What can happen if the biopsy finds cancer and I choose to have no treatment?
Much depends on the aggressiveness of your own particular cancer.
What percent of cancers are fast growing and could kill a man within a year?
Less than 10%.
Is it true that many cancers are so slow-growing they may not require treatment at all, ever?
What percent of deaths are caused by fast-growing cancers?
Can doctors distinguish between cancers that would be deadly without treatment, from cancers that would not?
Not for certain. But they have a good idea that a cancer that looks “angry” under the microscope, and is larger, is more likely to be deadly.
If the PSA test is only an indicator, how will I know if I have prostate cancer?
The only proof that you have cancer is if pathologists discover cancer in your biopsy.
What are my options if I’m diagnosed with PC?
1. “Watch and wait” (Your doctor closely monitors your condition. No treatments at this point.)
2. Active surveillance.Which means regular PSA tests (3-6 months) and repeat biopsies at regular intervals.
3. Definitive treatment.
What is a biopsy?
Samples of tissue are taken (often 12) from within your prostate gland. In the lab, a pathologist searches for cancer in those samples.
What is the purpose of a biopsy?
To look for cancer.
Who would recommend or advise me to have a biopsy?
Does a biopsy hurt?
Sometimes. As there is usually some discomfort, a local anesthetic is used.
How long does a biopsy take?
About 15 minutes. It’s done in the urologist’s office.
How much will a biopsy cost me?
It’s probably covered by your insurance. But make sure it is.
How would I know positively that I have prostate cancer?
Only if pathologists discover cancer in your biopsy.
If a biopsy finds cancer in my prostate, what should I do?
Consult with your physician and those he/she suggests.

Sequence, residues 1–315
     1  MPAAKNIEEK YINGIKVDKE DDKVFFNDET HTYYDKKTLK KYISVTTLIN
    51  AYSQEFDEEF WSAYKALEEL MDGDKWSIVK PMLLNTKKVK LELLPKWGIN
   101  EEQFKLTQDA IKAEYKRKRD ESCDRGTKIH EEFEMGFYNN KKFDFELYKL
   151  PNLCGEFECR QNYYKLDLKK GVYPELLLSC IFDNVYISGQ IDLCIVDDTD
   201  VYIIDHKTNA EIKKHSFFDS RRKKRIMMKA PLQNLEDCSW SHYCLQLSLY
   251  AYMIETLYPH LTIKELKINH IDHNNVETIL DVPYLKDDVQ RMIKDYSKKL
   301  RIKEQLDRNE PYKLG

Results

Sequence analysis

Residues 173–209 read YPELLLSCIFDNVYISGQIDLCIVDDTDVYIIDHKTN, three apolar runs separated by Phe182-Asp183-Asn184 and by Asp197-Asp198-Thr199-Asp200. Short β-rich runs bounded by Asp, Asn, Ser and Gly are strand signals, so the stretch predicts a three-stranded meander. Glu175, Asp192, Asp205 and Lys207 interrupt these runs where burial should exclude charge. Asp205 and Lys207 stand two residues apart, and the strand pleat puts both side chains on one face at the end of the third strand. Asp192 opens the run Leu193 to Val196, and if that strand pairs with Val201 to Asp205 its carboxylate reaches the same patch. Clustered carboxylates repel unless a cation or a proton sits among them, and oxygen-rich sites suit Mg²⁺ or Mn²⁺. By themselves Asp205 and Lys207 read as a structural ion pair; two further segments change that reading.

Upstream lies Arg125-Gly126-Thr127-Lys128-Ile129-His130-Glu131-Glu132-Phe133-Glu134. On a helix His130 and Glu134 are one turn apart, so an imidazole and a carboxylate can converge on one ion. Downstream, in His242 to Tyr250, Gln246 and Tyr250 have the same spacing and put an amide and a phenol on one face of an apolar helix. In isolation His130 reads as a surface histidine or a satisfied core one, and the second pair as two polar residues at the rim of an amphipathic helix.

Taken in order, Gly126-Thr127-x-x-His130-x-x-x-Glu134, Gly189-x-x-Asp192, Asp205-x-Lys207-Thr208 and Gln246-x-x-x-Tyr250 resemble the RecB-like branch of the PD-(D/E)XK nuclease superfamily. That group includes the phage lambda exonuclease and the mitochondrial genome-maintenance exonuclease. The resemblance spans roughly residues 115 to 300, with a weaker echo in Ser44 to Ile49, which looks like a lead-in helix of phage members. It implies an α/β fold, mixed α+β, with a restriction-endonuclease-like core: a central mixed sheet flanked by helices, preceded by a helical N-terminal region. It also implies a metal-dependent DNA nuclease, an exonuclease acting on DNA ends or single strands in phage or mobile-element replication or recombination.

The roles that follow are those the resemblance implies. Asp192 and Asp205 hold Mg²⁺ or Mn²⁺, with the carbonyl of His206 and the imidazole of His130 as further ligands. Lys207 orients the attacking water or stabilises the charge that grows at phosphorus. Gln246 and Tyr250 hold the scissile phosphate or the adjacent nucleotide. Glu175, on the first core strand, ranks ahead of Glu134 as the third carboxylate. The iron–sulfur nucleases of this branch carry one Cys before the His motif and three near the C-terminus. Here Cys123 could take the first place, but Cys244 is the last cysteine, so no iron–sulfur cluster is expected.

How does prostate cancer affect the body?
It can spread locally to block the bladder or the kidneys. It can invade the rectum or compress the lymph chambers or veins. It can spread to bones and other organs outside the pelvis.
Other than physical effects, what other affects might there be?
It might affect your ability to perform your job.
What is it like to die of prostate cancer?
Cancer spreads to the bones where it causes pain and interrupts the blood-producing bone marrow, causing anemia. It may also spread to organs such as the liver, lungs and brain, or obstruct the drainage of kidneys. There may be bleeding from the prostate if it is still there.
American Urological Association.
In April of 2009, this group recommended that men should be offered a baseline PSA test at age 40, and follow-ups at intervals based on each man’s situation.
The American Cancer Society.
It recommends that when a man reaches age 50, he consult with his doctor whether he should be tested. If he is African-American, or has a history of PC in his family, he should be tested at age 45.
American Cancer Society and US Food and Drug Administration.
Both are in favor of doctors offering the test to men at age 50, who are at average risk.
The National Comprehensive Cancer Care Network.
It recommends an initial PSA for men of all races.
The American Academy of Family Physicians.
It recommends that patients and physicians engage in shared decision-making to decide whether to get a PSA test.
U.S. Preventive Services Task Force.
They say evidence of testing is not strong enough for doctors to make recommendations to patients. Doctors should inform patients of the pros and cons of testing and let them decide. Recommends doctors not to test men over 75.
Prostate Conditions Education Council (PCEC)
Recommends a baseline test for all men at age 40 and at 35 for men at high risk.